a hydrogen molecule two hydrogen atoms The shared pair of electrons, one from each atom, is a covalent bond. We draw the shared pair as one dot and one cross in the overlap between the two outer shells. The negatively-charged electrons of the shared pair attract the positively-charged nuclei of the two atoms, holding them together strongly by electrostatic attraction.

An oxygen atom has a valency of 2, so it shares two of its electrons to form two covalent bonds. Hydrogen atoms have a valency of 1, so they can only share one electron and form one bond. This is why we have two hydrogen atoms and one oxygen atom in a water molecule, which we show by overlapping each of the hydrogen atoms’ outer shells with the oxygen atom, and drawing a shared pair of electrons in each overlap. This leaves four unshared electrons in the outer shell of the oxygen atom.

a water molecule

hydrogen and oxygen atoms Practice: Draw dot and cross diagrams for these molecules: Hydrogen chloride Chlorine Methane Ammonia Ethane HCl Cl2 CH4 NH3 C2H6 (answers at the end of the topic)

An oxygen atom can share two electrons with another oxygen atom, however, making two covalent bonds between the SAME two atoms – a double bond. This is why the formula for oxygen molecules is O2

two oxygen atoms an oxygen molecule Practice: Draw dot and cross diagrams for these molecules: Carbon dioxide CO2 Ethene C2H4 It is also possible to have a triple bond, with three shared pairs of electrons. See if you can draw a dot-and-cross diagram for: Nitrogen N2

Working out the formula of covalent compounds: 1) Use the name to identify the atoms present 2) Write the valency for each 3) Swap the valencies 4) Simplify if they will both divide by same number e.g. Carbon dioxide C O 4 2 (swap to give C2O4 and simplify because both will divide by 2) so the formula is: CO2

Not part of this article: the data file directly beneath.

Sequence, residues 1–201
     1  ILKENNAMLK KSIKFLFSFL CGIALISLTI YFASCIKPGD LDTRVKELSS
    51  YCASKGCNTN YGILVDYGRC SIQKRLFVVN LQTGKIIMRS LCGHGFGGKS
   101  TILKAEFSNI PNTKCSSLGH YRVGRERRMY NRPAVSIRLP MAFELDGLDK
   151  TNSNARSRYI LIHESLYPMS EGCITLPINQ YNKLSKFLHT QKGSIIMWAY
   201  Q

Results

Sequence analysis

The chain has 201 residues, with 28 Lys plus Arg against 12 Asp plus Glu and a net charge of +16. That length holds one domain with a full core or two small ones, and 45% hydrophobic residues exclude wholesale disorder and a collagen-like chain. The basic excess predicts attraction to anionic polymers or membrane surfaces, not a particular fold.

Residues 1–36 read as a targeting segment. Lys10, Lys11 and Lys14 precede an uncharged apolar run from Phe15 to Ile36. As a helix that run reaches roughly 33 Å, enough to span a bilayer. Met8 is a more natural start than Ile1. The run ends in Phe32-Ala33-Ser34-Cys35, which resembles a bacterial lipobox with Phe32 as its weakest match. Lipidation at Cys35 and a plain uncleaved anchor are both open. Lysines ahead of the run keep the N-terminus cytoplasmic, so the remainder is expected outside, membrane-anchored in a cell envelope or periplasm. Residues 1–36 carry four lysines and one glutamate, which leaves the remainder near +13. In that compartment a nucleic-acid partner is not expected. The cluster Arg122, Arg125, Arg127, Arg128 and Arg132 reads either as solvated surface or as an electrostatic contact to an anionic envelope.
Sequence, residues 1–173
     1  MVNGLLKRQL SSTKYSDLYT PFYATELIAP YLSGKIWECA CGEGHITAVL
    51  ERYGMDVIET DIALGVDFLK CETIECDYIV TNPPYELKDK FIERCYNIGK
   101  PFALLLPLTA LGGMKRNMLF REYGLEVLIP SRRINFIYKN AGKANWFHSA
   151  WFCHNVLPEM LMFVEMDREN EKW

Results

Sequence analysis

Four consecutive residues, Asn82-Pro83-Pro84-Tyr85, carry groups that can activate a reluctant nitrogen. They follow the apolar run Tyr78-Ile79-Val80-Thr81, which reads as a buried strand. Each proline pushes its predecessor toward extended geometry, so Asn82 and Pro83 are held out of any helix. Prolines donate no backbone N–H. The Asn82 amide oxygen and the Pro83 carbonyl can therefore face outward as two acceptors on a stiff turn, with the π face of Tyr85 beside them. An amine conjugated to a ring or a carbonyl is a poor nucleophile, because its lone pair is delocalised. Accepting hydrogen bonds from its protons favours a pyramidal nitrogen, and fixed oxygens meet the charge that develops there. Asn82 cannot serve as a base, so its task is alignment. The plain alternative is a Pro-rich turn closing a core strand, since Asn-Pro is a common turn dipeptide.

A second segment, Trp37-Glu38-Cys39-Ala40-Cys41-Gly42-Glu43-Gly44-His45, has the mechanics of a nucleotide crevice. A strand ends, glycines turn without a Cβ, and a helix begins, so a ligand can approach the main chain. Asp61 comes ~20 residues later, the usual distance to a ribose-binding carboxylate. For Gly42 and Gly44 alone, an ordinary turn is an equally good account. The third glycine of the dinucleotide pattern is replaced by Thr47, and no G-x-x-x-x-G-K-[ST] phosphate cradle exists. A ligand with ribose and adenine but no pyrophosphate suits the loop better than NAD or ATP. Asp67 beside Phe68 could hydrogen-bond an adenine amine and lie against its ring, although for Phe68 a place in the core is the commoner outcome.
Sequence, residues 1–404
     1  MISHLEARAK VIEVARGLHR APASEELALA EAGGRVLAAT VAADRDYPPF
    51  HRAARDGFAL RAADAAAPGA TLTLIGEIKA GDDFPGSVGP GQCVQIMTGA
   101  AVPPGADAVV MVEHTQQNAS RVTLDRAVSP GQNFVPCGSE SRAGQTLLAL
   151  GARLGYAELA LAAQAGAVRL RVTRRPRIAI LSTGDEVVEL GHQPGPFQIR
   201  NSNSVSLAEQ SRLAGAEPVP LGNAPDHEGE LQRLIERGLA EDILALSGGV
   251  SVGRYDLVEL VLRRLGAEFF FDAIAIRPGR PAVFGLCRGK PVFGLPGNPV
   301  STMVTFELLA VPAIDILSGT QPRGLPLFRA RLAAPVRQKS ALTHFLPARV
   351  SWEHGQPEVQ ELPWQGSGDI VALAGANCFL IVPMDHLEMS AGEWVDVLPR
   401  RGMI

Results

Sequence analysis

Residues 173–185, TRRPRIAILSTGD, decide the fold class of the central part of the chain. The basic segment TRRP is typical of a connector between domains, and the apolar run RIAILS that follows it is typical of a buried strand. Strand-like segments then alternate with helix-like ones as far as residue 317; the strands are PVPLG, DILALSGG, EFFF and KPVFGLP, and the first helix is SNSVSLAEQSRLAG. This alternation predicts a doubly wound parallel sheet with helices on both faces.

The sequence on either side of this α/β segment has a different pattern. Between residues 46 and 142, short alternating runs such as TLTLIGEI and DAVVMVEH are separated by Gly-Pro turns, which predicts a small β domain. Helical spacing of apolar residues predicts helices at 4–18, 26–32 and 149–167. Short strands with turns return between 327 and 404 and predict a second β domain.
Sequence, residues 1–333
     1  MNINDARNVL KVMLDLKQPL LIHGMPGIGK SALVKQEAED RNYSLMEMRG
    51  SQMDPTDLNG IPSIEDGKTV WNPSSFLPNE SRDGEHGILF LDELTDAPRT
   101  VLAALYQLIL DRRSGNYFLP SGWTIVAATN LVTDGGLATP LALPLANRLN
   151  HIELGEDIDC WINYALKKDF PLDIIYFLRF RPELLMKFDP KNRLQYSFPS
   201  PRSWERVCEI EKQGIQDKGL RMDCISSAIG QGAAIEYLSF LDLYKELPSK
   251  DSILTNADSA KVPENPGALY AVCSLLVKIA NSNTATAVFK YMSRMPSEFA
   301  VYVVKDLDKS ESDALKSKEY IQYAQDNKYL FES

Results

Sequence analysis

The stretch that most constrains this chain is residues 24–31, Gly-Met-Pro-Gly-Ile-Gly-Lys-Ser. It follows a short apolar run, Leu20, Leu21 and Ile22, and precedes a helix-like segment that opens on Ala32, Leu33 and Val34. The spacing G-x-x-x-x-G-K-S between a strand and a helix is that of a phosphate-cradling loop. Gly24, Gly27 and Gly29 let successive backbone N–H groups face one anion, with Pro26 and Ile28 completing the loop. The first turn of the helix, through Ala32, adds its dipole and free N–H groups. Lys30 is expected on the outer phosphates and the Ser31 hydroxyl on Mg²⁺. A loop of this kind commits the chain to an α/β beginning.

Work out the formula for a molecule made from each of the following pairs of atoms: i) carbon and chlorine ii) phosphorus and hydrogen iii) sulphur and oxygen iv) sulphur and hydrogen

… answers at the end of the topic

Metallic bonding - metal to metal
Atomic-resolution microscope images show us that metal atoms are arranged in regular layers.

A metal consists of layers of positively charged metal ions, which have given up their outer shell electrons to form a ‘sea’ of free, delocalised electrons (which have a negative charge).
Strong electrostatic attractions hold the electrons and the metal ions together in a metallic bond.

Image of gold atoms Scale: atoms are about a millionth of a millimetre apart

Answers

Work out formula for: • aluminium fluoride, • magnesium chloride, • sodium bromide, • magnesium oxide, • potassium oxide, • copper(I) oxide, • iron(III) chloride, • zinc sulphide, • silver oxide

AlF3 MgCl2 NaBr MgO K2O Cu2O FeCl3 ZnS Ag2O

Work out formula for: • potassium sulphate, • sodium phosphate, • ammonium bromide, • lithium hydroxide, • calcium carbonate, • magnesium nitrate

K2SO4 Na3PO4 NH4Br Li(OH)2 CaCO3 Mg(NO3)2

Practice with these example reactions. You’ll need to check the word equations as not all the products have been given. Making copper nitrate by reacting copper(II) oxide with dilute nitric acid CuO(s) + 2HNO3(aq)  Cu(NO3)2(aq) + H2O(l) Testing for sulphate ions in sodium sulphate solution using barium chloride solution Na2SO4(aq) + BaCl2(aq)  BaSO4(s) + 2NaCl(aq) Testing for iron(III) ions in iron(III) chloride solution FeCl3(aq) + 3NaOH(aq)  Fe(OH)3(s) + 3NaCl(aq) Making lead(II) sulphate by precipitation from suitable aqueous solutions e.g. Pb(NO3)2(aq) + K2SO4(aq)  PbSO4(s) + 2KNO3(aq) Displacing iodine from potassium iodide solution by reacting it with chlorine water 2KI(aq) + Cl2(aq)  2KCl(aq) + I2(aq)

Using the example for magnesium chloride, draw dot and cross diagrams to show the ionic bonding in: sodium oxide magnesium oxide calcium chloride

Draw dot and cross diagrams for these molecules: Hydrogen chloride Chlorine Methane Ammonia Ethane HCl Cl2 CH4 NH3 C2H6

Draw dot and cross diagrams for these molecules:
Carbon dioxide CO2 C2H4 N2

Ethene

Nitrogen

Work out the formula for a molecule made from each of the following pairs of atoms:

i) ii) iii) iv)

carbon and chlorine phosphorus and hydrogen sulphur and oxygen hydrogen and sulphur

CCl4 PH3 SO2 H2S